For the second of my ‘Noir Con or bust’ guest posts I’m very happy to welcome Detroit based writer, Patti Abbott.
Not only does Patti host a terrific blog of her own, she is a major contributor to the on-line and print crime short fiction that thrives in the US. Seriously, it’s hard to over emphasise just how prolific Patti is. What’s more, her short crime fiction is always of high quality. If you’re not convinced check out her first anthology of short stories, Monkey Justice, here.
Welcome to Pulp Curry, Patti.
Thanks to Andrew for hosting me. His suggestion to me was to talk about the online crime fiction market, and I will do so if a bit circuitously.
It took me a long time to 1) find my way to writing 2) find my way to writing fiction (I started out with poetry) 3) find my way to writing crime fiction.
I began writing poetry (as an older student) in a college class in the mid 1990s. The class was ideal for me since I harboured such ambitions. I was lucky to have a supportive instructor and I managed to publish a couple dozen poems in small literary journals. But editors would often send a note saying that my story was overly narrative and had I ever tried my hand at short story writing? And indeed, those poems were practically outlines for stories and the first stories almost wrote themselves.
I published sixteen short stories in small literary journals, each one seemingly sent off into the world to fend for itself in anonymity. Did anyone but the writers ever read these little journals? I was never sure.
Then a few of the literary magazines I’d submitted stories to began to say things like, you know this is really a crime story and this is the wrong market for crime stories. So once again I began to hunt around and found mostly online sites that published crime stories. My first one was accepted by Sarah Weinman, then at Shots, in April 2006. Early stories followed in Demolition, Shred of Evidence, Spinetinger Magazine, Hard Luck Stories, Thuglit, Plots With Guns and the print magazine Crimespree. I was proud to appear in the first issue of Murderland, a lovely print magazine that only published two issues. And a great early site for flash fiction was Flashing in the Gutter (where many crime writers published flash around that time, 2006-2007, RIP FITG).
Although many of my stories have appeared in print over time, it is the online community that embraced me and my stories. Some of them are still online (Plots with Guns, A Twist of Noir, Thuglit, Spinetingler, Mystical-E and Yellow Mama to name a few. And now a new bunch of zines has joined them: Beat to a Pulp, All Due Respect, Shotgun Honey, Flash Fiction Offensive, Thrillers, Killers and Chillers. I am sure I am forgetting some, but I suggest you hunt for them on Duotrope, a website that lists potential markets.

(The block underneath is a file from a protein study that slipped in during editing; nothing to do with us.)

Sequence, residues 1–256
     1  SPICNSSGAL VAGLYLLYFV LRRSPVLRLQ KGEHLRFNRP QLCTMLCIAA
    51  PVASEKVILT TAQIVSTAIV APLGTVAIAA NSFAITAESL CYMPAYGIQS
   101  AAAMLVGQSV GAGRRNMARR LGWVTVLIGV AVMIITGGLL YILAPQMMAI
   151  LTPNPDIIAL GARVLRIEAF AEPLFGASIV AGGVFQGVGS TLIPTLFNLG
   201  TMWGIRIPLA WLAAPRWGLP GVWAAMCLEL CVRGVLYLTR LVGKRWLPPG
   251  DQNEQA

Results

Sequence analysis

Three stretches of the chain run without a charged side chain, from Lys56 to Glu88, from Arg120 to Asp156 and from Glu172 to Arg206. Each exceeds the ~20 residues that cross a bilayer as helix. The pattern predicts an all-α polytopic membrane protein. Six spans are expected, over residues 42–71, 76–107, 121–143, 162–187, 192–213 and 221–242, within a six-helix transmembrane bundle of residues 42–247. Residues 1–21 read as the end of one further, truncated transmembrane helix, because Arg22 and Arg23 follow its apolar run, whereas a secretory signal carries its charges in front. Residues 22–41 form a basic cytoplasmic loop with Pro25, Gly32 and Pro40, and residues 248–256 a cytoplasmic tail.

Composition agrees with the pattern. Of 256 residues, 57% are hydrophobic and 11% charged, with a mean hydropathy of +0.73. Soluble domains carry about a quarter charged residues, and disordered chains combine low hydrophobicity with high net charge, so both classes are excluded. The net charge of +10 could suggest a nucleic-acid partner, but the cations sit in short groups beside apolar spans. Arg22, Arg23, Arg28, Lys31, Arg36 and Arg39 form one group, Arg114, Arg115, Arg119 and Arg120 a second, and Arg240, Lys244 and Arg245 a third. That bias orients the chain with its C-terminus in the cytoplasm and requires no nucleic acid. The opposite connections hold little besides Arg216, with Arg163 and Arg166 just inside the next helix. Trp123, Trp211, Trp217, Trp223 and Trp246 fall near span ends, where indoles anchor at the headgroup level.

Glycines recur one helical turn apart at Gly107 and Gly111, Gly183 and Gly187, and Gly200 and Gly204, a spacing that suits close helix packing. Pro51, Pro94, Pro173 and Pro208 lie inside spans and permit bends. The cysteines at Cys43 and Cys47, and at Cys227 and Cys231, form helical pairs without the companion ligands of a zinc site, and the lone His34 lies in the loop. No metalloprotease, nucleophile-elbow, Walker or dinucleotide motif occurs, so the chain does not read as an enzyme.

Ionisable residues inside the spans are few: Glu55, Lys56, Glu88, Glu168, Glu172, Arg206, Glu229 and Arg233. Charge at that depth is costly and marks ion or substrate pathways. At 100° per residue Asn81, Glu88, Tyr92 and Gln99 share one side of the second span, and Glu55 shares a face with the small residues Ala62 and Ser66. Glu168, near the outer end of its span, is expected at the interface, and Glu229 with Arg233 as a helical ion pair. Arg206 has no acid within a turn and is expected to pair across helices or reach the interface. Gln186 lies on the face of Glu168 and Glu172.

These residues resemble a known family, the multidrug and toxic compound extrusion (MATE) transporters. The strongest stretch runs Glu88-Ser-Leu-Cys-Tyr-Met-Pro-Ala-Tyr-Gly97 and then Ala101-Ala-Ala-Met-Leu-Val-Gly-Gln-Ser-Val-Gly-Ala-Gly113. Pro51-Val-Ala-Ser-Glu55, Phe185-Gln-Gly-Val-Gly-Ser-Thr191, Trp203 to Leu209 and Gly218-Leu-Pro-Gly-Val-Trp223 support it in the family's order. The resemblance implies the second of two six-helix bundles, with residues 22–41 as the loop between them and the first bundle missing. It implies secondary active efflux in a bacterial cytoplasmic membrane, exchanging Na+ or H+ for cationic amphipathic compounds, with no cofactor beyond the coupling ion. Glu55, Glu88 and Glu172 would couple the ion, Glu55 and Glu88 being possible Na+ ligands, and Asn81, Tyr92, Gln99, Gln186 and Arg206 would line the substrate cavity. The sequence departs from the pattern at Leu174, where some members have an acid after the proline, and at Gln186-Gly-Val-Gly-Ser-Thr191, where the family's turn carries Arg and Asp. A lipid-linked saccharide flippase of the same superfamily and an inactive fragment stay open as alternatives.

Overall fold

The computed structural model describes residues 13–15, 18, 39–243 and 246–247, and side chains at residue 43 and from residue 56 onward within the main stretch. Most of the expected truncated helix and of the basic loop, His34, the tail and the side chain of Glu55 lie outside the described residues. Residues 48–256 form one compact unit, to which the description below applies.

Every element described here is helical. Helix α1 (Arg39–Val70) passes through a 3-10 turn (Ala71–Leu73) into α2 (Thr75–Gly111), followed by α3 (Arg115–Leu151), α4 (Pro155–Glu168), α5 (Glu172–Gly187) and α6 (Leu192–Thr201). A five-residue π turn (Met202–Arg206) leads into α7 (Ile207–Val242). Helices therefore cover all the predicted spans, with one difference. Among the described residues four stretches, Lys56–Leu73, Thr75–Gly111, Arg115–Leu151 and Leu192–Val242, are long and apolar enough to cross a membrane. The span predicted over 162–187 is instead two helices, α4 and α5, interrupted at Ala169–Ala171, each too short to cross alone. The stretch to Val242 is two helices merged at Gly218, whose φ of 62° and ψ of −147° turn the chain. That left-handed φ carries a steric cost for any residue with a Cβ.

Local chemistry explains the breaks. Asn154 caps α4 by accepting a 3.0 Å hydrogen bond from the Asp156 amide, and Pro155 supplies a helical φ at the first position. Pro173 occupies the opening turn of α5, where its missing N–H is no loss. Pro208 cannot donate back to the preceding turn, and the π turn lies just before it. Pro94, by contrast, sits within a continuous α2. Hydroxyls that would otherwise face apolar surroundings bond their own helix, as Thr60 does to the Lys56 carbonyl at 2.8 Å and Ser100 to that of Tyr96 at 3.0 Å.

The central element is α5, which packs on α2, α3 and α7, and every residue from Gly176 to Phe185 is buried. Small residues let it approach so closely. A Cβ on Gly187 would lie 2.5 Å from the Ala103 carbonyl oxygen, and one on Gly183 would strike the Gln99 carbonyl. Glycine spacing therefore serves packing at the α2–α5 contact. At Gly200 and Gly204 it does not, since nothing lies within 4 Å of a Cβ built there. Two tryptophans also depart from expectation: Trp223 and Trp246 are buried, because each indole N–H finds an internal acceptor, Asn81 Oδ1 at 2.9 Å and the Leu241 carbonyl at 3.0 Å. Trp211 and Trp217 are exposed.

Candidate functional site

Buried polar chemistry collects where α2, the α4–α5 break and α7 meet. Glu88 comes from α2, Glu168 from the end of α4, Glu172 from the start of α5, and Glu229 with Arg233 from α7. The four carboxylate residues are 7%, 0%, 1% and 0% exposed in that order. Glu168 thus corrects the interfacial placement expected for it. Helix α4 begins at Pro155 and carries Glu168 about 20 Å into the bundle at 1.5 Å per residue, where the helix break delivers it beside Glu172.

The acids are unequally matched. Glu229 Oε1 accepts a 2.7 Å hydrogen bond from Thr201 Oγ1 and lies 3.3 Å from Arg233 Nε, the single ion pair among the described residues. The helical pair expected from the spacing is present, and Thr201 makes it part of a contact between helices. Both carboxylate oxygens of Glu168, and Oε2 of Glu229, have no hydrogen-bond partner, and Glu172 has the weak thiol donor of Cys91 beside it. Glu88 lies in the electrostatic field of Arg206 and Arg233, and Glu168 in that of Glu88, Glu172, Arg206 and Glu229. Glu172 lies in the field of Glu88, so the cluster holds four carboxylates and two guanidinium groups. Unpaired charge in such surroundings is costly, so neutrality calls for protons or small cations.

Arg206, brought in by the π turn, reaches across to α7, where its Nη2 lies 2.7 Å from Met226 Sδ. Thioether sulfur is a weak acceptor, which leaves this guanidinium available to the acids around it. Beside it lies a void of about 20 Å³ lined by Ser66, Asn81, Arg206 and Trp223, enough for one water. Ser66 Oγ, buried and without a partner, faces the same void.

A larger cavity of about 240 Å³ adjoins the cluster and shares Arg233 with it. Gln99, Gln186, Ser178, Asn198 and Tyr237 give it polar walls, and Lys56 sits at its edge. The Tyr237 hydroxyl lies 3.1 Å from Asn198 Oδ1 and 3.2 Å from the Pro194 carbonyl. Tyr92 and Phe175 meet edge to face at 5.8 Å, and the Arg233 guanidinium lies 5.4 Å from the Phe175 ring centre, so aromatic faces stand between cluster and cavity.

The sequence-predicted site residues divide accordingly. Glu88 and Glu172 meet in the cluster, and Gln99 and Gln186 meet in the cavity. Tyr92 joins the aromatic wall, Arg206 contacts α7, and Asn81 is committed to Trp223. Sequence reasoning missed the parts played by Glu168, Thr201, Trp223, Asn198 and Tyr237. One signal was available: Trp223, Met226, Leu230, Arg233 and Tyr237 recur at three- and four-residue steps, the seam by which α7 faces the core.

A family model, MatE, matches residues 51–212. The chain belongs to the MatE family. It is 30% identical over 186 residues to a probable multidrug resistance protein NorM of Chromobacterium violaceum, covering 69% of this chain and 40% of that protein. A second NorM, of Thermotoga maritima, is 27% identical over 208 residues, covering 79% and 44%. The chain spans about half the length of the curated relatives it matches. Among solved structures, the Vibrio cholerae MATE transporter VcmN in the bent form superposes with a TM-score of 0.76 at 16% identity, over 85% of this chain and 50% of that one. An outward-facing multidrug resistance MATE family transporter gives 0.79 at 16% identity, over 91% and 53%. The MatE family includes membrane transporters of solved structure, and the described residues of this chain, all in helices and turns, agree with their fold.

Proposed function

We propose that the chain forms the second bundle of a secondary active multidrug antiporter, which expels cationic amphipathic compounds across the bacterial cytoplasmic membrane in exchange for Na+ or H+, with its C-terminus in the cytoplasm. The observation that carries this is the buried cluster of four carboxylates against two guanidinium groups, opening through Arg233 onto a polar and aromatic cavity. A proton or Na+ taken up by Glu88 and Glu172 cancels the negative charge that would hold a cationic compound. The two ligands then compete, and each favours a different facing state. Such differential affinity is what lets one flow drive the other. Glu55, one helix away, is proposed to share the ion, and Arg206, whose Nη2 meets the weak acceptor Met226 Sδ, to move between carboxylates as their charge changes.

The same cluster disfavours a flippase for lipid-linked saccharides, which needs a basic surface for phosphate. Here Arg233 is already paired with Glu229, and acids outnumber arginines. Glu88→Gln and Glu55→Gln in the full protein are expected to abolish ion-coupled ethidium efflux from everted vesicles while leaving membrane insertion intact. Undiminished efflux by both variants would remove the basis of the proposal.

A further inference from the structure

It is also easier today to put out a book through desktop publishing and new venues are on the scene like Needle, Grift, Pulp Modern and Crime Factory to name a few. You can find submission regulations for all of these online. Some of the online sites like Beat to a Pulp and Shotgun Honey have an occasional print edition too. Beat to a Pulp, in fact, is nearing empire status in its attempts to meet the demands for all sorts of pulp fiction.
This doesn’t even take into account ebooks that have allowed editors to charge a bit of money for publications such as the new Thuglit and Crime Factory. Or print/ebook editions put together to raise money for various charities (Off the Record, Protectors, Nightfall).
The business of publishing short stories has grown in most ways. It is nearly impossible now to keep track of the comings and goings of online, print, anthology, and Kindle short stories. There is always a contest, an invitation to submit, a new site, something to whet your appetite.
Andrew also asked me to talk about how to I write my stories. As I look over my list of stories, they have come to me in very different ways. Some are based on my husband’s more colorful childhood (sorry Phil), a few have been based on my son’s cases (he’s a prosecutor), others on newspaper stories, but the vast majority came over me when I was taking a walk, riding a bus, being very still. An overheard phrase, a particular outfit someone is wearing, the stickers on a car going down the street, why a house has sat empty for years, a story someone tells me.
Right now I am wondering why a middle aged couple at the theater on Saturday night found in necessary to paw each other during the intermission, or why a woman in her sixties would wear a belly bearing shirt and jeans that rode too low on her hips for good taste. See why I write dark stories.
Good stuff. Patti is the biz!
Indeed, she is Paul.
Did anyone but the writers ever read these little journals? I was never sure.
Unfortunately the MFA-type lit writing has become a self-reflexive little world and a tiresome genre unto itself. I suppose that’s why so many mainstream writers have gone back to looting genre for their novels. The truth has always been that people want stories and lit fiction has stopped offering that in many cases.
From Galway, thanks to Andrew, Paul and |Kate!
Great stuff from one of my favorite writers.
Great piece, Patti!